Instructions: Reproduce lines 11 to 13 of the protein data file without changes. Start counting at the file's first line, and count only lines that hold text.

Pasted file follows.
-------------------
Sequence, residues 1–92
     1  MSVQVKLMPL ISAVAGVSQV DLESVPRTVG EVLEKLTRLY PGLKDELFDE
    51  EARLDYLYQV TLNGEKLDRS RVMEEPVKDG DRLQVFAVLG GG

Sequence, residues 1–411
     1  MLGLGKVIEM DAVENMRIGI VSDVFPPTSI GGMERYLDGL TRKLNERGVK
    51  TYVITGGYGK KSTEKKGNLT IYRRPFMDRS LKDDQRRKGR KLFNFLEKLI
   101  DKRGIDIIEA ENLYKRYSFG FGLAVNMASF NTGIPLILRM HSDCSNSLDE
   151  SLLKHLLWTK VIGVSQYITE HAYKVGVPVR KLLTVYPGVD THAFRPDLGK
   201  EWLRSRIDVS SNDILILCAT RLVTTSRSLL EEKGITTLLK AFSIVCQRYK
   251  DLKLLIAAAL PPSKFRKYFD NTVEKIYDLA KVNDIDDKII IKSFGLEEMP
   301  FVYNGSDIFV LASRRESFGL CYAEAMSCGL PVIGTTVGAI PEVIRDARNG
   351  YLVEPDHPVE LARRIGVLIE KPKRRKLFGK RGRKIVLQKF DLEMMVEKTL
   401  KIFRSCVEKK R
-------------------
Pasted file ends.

   301  FVYNGSDIFV LASRRESFGL CYAEAMSCGL PVIGTTVGAI PEVIRDARNG
   351  YLVEPDHPVE LARRIGVLIE KPKRRKLFGK RGRKIVLQKF DLEMMVEKTL
   401  KIFRSCVEKK R